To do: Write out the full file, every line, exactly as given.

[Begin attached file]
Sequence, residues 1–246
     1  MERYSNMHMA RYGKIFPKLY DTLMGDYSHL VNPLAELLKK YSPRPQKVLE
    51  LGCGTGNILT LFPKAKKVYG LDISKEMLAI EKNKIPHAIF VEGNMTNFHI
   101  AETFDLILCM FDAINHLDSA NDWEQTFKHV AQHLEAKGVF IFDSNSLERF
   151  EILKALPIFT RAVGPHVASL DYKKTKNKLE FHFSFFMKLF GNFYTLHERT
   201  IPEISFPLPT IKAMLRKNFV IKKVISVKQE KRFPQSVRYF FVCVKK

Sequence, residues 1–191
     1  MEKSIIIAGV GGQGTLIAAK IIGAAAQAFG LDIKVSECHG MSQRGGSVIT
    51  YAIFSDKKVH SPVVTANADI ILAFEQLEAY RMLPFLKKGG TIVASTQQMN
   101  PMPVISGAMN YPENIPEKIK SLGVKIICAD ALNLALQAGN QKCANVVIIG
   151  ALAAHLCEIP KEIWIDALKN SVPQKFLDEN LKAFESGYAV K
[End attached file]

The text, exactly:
Sequence, residues 1–246
     1  MERYSNMHMA RYGKIFPKLY DTLMGDYSHL VNPLAELLKK YSPRPQKVLE
    51  LGCGTGNILT LFPKAKKVYG LDISKEMLAI EKNKIPHAIF VEGNMTNFHI
   101  AETFDLILCM FDAINHLDSA NDWEQTFKHV AQHLEAKGVF IFDSNSLERF
   151  EILKALPIFT RAVGPHVASL DYKKTKNKLE FHFSFFMKLF GNFYTLHERT
   201  IPEISFPLPT IKAMLRKNFV IKKVISVKQE KRFPQSVRYF FVCVKK

Sequence, residues 1–191
     1  MEKSIIIAGV GGQGTLIAAK IIGAAAQAFG LDIKVSECHG MSQRGGSVIT
    51  YAIFSDKKVH SPVVTANADI ILAFEQLEAY RMLPFLKKGG TIVASTQQMN
   101  PMPVISGAMN YPENIPEKIK SLGVKIICAD ALNLALQAGN QKCANVVIIG
   151  ALAAHLCEIP KEIWIDALKN SVPQKFLDEN LKAFESGYAV K